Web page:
Eric Holder isn’t going to order a drone strike on an innocent U.S. citizen. But by not clearly answering Paul’s question, he risked setting a precedent for a future administration more inclined towards horrific abuse.

This is where I disagree. In the event we were to have a future administration bent on doing grievous harm to civilians I doubt they would need Holder for inspiration much less justification. Authoritarian and totalitarian regimes adminster cruelty on a whim, law or no law. 

Like Ross, Matt wanted to hear the Obama Administration acknowledge it did not have the authority to commit a particular act and praises Paul’s filibuster for bringing about this particular outcome. By inclination, conservatives and libertarians believe in the limitation of governmental authority and Holder’s initial response did certainly create some ambiguity as to how the President might use his authority. However, the Obama Administration also never said it would use drones in this way either and even Holder’s ambiguity never left me with the impression that they would wantonly drop drones on unsuspecting morning commuters, filibuster or no filibuster.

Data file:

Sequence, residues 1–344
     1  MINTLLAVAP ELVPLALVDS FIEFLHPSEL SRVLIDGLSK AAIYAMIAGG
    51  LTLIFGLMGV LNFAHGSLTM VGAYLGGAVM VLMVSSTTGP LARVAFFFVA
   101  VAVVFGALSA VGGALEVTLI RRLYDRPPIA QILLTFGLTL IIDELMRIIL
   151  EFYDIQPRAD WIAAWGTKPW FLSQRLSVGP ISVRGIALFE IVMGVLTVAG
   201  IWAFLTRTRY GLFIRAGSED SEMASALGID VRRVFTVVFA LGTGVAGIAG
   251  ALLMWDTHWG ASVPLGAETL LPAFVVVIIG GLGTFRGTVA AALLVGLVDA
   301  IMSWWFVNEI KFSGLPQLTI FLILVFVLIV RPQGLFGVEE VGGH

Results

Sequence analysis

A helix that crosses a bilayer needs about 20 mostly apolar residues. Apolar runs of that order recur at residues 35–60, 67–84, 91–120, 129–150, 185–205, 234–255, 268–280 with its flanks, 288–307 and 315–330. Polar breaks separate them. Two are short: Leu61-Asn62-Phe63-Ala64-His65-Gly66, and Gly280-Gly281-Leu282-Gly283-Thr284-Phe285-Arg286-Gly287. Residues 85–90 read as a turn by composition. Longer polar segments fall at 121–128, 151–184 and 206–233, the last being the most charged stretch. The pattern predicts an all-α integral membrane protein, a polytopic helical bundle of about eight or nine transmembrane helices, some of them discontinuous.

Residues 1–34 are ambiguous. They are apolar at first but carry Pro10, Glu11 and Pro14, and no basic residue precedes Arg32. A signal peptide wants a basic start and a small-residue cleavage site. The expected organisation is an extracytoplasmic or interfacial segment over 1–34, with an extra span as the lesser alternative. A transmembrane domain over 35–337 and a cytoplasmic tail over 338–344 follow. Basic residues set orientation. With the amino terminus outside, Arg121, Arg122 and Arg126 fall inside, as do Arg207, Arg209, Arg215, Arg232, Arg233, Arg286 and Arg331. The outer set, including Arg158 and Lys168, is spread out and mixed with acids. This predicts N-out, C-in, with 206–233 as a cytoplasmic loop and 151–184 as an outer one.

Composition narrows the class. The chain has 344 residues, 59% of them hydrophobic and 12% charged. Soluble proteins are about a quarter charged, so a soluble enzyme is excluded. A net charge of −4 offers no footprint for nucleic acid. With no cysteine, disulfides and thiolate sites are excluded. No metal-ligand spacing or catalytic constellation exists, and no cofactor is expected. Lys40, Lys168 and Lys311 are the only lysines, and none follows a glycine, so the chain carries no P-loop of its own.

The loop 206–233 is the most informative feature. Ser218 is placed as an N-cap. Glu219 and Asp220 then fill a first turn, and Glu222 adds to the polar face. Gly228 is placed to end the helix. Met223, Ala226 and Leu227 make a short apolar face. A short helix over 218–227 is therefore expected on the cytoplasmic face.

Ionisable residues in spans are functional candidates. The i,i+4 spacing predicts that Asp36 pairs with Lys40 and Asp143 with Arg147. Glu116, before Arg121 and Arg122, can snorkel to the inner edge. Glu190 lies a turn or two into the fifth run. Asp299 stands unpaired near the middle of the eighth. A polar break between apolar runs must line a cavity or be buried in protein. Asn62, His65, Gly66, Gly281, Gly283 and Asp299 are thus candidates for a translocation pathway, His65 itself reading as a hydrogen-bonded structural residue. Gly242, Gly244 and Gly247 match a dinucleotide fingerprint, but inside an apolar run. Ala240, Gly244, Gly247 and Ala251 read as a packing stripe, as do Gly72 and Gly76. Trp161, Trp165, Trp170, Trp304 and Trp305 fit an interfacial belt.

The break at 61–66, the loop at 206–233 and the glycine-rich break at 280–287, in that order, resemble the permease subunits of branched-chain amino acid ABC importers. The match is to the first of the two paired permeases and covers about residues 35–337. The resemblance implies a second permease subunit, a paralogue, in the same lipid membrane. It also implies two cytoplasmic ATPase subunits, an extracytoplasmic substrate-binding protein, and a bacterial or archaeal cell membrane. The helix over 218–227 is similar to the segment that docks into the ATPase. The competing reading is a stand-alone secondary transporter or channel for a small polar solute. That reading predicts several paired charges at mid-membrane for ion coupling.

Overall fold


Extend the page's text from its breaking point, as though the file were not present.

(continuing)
Reid Smith is far less generous than Ross or Matt in his commentary. He takes umbrage with my characterization of Paul as a demagogue. I’m glad Reid got a kick out of the Alice in Wonderland references but the one area where I praised Paul was his use of political theater. To get anywhere in politics one must engage in theater. However, Paul was engaged in the theater of the absurd.

Merriam-Webster defines demagogue as “a leader who makes use of popular prejudices and false claims and promises in order to gain power.” With this in mind, let’s consider a couple of passages from the beginning of Paul’s filibuster:

I will speak as long as it takes, until the alarm is sounded from coast to coast that our Constitution is important, that your right to trial by jury are precious, that no American should be killed by drone on American soil without first being charged with a crime, without first being found guilty by a court. That Americans could be killed in a cafe in San Francisco or in a restaurant in Houston or at their home in Bowling Green, Kentucky, is an abomination.